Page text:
As shown in the table, crude oil production declined by over 1 million barrels per day between 2004-2018 due to falling output from Cantarell. New production from other fields has not been enough to offset these declines so far.
Outlook for Mexico’s Oil Production
Mexico is hoping to reverse declining oil production through increased investment from private companies partnering with Pemex. The government aims to raise oil output back to over 2 million barrels per day in the coming years. Major themes for the future include:
- Developing unconventional resources – Mexico has significant shale oil and gas potential in the Burgos and Tampico basins that could be tapped with modern drilling methods.
- Enhanced oil recovery at mature fields – Using techniques like gas or chemical injection to boost recovery factors at aging giants like Cantarell.
- New discoveries – Recent finds like the Zama field offshore indicate Mexico still has significant undiscovered deposits.
- Deepwater exploration – The Mexican Gulf has promising deepwater plays in the Perdido Fold Belt and Mexican Ridges areas.
While Mexico faces challenges from maturing production and lack of investment, the country still possesses abundant oil resources both onshore and offshore. Unlocking these resources could revive Mexico’s production in the long term once new projects begin yielding results. But reversing current declines will take significant time, effort and money.
Uses of Mexican Crude Oil
Most of the crude oil Mexico produces is exported to the United States. In 2017, about 75% of Mexico’s crude exports went to the U.S. Some of the main uses of Mexican crude oil include:
- Feedstock for U.S. refineries – Most Mexican heavy and medium crudes are well suited for complex U.S. Gulf Coast refineries.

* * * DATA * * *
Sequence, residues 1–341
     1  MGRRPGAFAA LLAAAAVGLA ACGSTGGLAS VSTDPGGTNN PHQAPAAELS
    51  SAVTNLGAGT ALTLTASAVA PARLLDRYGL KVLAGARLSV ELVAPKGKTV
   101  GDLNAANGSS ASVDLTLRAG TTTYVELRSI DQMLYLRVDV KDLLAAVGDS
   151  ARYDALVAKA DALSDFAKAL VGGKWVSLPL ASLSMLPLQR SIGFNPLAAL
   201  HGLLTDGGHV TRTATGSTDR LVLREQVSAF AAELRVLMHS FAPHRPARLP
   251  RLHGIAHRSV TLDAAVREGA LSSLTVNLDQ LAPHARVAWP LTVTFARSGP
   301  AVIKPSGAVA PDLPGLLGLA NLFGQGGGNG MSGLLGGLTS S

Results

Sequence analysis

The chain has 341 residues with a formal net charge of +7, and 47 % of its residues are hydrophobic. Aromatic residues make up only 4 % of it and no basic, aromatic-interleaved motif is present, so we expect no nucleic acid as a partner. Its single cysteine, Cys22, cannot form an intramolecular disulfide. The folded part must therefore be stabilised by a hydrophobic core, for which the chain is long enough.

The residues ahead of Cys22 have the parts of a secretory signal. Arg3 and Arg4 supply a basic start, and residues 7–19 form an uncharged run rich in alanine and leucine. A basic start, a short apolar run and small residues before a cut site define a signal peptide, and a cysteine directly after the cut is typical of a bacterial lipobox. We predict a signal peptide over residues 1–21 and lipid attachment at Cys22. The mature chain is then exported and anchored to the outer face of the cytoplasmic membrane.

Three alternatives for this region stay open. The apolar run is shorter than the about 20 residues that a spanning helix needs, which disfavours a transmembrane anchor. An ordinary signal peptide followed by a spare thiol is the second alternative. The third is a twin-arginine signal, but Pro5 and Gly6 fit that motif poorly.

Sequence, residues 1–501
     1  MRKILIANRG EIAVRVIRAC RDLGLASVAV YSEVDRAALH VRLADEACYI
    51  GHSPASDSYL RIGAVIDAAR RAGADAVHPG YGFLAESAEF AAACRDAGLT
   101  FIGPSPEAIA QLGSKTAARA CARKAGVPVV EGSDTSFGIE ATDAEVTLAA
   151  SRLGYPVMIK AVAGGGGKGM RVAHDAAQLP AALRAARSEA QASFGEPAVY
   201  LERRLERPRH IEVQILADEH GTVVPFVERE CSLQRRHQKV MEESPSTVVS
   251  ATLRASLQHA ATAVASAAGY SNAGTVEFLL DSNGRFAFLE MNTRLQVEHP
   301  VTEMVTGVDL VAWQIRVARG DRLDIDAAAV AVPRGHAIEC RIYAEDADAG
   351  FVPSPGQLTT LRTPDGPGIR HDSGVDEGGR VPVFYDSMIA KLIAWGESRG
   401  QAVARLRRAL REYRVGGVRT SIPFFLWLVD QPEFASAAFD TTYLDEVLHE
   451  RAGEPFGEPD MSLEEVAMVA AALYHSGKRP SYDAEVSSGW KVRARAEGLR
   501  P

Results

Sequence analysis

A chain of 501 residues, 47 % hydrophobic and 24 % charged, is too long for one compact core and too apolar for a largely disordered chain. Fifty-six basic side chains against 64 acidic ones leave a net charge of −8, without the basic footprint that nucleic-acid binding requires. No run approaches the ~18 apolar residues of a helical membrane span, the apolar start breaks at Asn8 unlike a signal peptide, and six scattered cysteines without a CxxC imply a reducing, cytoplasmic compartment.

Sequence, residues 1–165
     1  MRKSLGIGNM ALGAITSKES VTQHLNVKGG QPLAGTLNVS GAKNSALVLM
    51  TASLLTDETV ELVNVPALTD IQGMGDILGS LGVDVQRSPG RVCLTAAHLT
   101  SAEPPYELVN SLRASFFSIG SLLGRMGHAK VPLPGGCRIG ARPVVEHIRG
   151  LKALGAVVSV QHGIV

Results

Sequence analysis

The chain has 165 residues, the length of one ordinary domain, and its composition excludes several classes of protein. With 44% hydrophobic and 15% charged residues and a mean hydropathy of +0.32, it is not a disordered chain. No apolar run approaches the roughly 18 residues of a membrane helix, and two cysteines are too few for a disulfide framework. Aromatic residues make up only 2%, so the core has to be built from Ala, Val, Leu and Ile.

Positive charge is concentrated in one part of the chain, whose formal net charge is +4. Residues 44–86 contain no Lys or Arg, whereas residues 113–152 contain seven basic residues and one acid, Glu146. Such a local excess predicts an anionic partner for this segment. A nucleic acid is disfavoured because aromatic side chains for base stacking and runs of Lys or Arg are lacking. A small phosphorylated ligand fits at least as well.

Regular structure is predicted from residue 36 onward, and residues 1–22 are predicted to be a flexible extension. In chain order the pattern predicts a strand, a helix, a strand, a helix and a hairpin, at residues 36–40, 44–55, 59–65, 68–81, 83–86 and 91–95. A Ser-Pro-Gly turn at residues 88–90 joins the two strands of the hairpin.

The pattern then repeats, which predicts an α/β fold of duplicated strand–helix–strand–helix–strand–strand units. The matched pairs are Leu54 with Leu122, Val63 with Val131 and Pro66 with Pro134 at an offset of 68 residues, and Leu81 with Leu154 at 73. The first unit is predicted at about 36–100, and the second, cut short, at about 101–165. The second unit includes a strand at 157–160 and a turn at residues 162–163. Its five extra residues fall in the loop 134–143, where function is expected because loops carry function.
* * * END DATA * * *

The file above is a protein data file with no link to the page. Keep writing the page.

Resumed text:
- Exports of refined products – Mexico also imports refined products from the U.S. that are made from its crude.
- Feed Mexican refineries – Some Mexican crude is refined domestically into products like gasoline and diesel.
- Petrochemical feedstock – Lighter Mexican crudes are good feedstock for petrochemical plants producing plastics, fertilizers, etc.
Having a stable export market in the U.S. has allowed Mexico to continue growing its oil industry over past decades. Proximity to Gulf Coast refineries that can process heavy crudes provides an advantage.
Challenges Facing Mexico’s Oil Sector
While Mexico’s oil industry holds promise, it also must overcome several challenges including:
- Declining production – As noted earlier, overall crude output has dropped by over 1 mbd since 2004.
- Lack of investment – Pemex did not reinvest enough revenue to sustain production or exploration.
- Technical constraints – Pemex lacks expertise and technology for areas like deepwater drilling.
- Old infrastructure – Extensive pipelines and facilities need upgrades and maintenance.
- Organizational inefficiencies – Pemex has struggled with bureaucracy, corruption and ties to unions.
In the past, Pemex managed to overcome some of these issues due to abundant easy-to-access oil. But maturing fields and more complex resources have exposed Mexico’s institutional and technical gaps in the oil sector. Reversing the declines will require major reforms and capital investment from both the government and private sector.
In summary, Mexico possesses a range of high-quality oil resources located along the Gulf coast and in the southeast. Cantarell and Ku-Maloob-Zaap are two of the most prolific fields, producing mainly heavy crude oil. However, maturing production and lack of investment have led to output declines. Future production growth will rely on developing new fields offshore, tapping unconventional resources, and utilizing enhanced recovery at legacy assets. While Mexico’s oil industry faces challenges, the country still holds significant untapped potential both onshore and offshore.